SERVER Setup

On the server computer, open a terminal window or shell and type the following:
ip addr
and then look for the ethernet device name. It can typically be found by looking for an output line that starts with link/ether, the antecedent numbered line shows the device name. In the case of my machine it is called "enp0s20". Now type the following (replace enp0s20 with YOUR device's name):
ip addr flush dev enp0s20
ip link set enp0s20 up
ip addr add 10.0.0.1 peer 10.0.0.2 dev enp0s20
This sequence of commands will flush any addresses on the ethernet port, disable it, assign a new IP address of 10.0.0.1 to the port and (re)enable it. We will follow a similar command scheme for the CLIENT machine.

CLIENT Setup

Determine your ethernet device name on the client machine (it may not be the same as the server's). On my machine the name is different, it's "eth0". Type the following commands:
ip addr flush dev eth0
ip link set eth0 up
ip addr add 10.0.0.2 peer 10.0.0.1 dev eth0


Test Connectivity

To ensure that the computer's are communicating with one another use the following on the SERVER computer:
ping -c 3 10.0.0.2

On the CLIENT computer use the following:
ping -c 3 10.0.0.1

Assuming the ping application does not return some form of network connectivity error, then the two computers are now aware of each other. Sometimes there is a delay on reenabling the ethernet ports, to be sure the ethernet ports are in fact active, use:
ip addr
On either computer the line with the device name should indicate UP near the end of the line, if the device is in fact operational.

Transferring Files

On the SERVER computer, navigate to the directory where you downloaded the Fast Data Transfer application's JAR file, and execute the following command:
java -jar fdt.jar -S

The SERVER computer is now ready to send files to the CLIENT computer.

On the CLIENT computer navigate to the directory where you downloaded the Fast Data Transfer application's JAR file (yes the application needs to be present on BOTH computers). Execute the following comand:
java -jar fdt.jar -pull -r -c 10.0.0.1 -d /home/user/CLIENTdir /home/user/SERVERdir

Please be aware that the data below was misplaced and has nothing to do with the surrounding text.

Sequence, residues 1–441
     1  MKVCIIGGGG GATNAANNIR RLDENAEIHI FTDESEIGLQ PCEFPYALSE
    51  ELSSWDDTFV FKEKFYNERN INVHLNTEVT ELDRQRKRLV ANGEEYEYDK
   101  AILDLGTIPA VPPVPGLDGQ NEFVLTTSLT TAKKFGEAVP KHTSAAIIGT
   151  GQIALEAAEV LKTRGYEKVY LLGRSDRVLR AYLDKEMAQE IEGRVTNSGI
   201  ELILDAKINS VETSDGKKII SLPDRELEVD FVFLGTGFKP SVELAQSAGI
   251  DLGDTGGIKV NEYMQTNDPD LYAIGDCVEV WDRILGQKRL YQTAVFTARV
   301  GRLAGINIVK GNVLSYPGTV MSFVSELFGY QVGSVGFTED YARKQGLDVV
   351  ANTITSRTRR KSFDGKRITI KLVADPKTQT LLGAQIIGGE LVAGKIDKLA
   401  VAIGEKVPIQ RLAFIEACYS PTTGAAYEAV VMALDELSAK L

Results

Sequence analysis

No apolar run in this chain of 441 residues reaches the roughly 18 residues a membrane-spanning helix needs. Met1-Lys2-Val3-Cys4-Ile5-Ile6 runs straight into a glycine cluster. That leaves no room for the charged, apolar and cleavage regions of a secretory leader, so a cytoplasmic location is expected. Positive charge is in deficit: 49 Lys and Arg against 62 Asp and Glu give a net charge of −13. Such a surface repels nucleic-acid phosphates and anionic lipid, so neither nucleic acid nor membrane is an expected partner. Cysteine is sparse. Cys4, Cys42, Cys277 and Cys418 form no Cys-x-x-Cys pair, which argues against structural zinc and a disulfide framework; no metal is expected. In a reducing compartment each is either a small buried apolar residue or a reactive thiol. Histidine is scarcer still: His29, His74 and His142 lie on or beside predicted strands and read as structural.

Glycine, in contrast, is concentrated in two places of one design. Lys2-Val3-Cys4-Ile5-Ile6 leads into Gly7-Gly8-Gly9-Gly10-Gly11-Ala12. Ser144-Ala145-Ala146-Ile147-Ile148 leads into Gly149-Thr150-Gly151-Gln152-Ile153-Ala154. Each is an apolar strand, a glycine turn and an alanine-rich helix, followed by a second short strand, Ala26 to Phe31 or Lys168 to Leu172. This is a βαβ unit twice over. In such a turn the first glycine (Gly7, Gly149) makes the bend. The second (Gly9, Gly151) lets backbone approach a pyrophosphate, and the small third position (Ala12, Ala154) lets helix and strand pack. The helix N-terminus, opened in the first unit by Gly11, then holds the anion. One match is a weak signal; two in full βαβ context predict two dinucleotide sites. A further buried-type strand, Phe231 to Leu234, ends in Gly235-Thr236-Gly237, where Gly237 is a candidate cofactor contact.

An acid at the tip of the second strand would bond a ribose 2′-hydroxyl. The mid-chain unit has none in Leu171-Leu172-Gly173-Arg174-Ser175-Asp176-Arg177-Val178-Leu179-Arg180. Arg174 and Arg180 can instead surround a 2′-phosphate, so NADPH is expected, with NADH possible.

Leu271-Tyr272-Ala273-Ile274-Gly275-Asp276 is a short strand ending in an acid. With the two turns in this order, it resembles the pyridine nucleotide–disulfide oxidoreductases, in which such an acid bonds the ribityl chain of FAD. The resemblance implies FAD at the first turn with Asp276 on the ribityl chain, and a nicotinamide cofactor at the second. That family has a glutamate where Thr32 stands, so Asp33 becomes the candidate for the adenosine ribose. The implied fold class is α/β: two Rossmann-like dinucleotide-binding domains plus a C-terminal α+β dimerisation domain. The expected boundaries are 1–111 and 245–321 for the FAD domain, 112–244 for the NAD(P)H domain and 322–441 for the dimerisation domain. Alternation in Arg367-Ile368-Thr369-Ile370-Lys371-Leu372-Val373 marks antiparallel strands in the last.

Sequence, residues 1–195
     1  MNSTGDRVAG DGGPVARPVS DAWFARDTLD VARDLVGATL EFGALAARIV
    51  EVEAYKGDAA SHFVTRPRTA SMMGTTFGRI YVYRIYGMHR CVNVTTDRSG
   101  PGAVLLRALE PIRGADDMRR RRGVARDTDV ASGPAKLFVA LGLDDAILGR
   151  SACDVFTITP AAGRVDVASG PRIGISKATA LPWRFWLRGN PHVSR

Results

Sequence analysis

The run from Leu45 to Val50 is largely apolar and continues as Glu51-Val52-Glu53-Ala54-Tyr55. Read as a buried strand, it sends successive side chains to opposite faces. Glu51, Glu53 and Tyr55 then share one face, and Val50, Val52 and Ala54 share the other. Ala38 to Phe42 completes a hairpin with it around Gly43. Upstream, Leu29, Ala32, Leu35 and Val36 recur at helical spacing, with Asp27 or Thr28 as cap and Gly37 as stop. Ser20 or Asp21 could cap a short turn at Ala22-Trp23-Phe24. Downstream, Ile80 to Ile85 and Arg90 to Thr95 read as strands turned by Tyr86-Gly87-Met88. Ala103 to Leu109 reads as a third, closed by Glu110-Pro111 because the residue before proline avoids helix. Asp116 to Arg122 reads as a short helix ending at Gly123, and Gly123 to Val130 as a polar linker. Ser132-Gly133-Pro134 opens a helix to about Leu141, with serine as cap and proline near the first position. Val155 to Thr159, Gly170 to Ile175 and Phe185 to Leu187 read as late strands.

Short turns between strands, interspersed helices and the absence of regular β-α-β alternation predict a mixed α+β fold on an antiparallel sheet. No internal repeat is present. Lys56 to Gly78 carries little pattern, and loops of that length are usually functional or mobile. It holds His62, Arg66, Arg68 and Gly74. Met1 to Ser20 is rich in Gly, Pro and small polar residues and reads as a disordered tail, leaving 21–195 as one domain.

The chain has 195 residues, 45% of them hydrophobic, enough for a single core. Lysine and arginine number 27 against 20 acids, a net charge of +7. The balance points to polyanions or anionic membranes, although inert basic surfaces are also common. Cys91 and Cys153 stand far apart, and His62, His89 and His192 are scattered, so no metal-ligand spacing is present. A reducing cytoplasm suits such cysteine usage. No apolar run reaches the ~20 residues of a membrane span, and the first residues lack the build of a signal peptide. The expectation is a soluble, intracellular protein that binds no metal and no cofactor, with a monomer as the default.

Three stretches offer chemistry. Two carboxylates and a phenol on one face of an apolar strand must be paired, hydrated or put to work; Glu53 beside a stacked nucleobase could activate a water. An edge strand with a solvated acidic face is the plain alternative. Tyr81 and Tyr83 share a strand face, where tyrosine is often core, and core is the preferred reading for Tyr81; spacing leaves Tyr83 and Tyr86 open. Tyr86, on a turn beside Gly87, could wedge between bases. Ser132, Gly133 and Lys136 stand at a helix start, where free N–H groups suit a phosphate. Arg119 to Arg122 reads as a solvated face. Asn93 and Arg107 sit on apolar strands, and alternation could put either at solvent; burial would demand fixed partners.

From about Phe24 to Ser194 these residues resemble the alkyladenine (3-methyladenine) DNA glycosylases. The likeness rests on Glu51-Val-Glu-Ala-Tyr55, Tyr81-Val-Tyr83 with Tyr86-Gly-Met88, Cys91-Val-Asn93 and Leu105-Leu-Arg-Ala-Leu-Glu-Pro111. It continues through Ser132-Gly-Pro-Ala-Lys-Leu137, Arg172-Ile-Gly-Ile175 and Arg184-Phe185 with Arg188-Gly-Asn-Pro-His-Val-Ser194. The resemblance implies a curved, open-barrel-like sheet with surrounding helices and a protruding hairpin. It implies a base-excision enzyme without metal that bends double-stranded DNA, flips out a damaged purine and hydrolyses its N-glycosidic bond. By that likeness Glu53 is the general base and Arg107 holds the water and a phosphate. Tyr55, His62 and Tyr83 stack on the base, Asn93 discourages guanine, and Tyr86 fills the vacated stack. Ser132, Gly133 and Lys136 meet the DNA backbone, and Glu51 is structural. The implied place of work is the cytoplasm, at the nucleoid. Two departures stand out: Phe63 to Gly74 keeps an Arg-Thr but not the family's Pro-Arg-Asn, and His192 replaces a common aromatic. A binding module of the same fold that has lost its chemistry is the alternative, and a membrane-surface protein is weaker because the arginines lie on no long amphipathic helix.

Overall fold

Here I've used /home/user/CLIENTdir to denote the directory on the CLIENT computer where you wish to save the transferred files. I've used /home/user/SERVERdir/ to denote the directory on the SERVER computer that you wish to transfer to the client. You would need to change these values to match whatever directory structure you intend to use.

You should see a series of cryptic output messages, but of most importance will be the final message(s) that indicate a successful transfer or some error (should the transfer fail).

Keep In Mind

The choice of IP addresses 10.0.0.1 and 10.0.0.2 are completely arbitrary, you can use whichever suits you. The peer is used in conjuction with the ip addr command to denote a point to point communication between two computers. Wherein, the peer is the IP address of the other computer, respectively.

Conclusion

As you can see, there are a few steps to be followed. Fortunately, the steps are fairly similar. The first time around it is a fairly foreign procedure to follow. After a couple of goes it should start to make some sense what's going on. The most difficult part is establishing functional communication between both computers.

Further Information

Fast Data Transfer Examples - Further usage examples of FDT
Internet Sharing (ArchWiki) - Describes a procedure for crossover cables between two computers

0 Comments On This Entry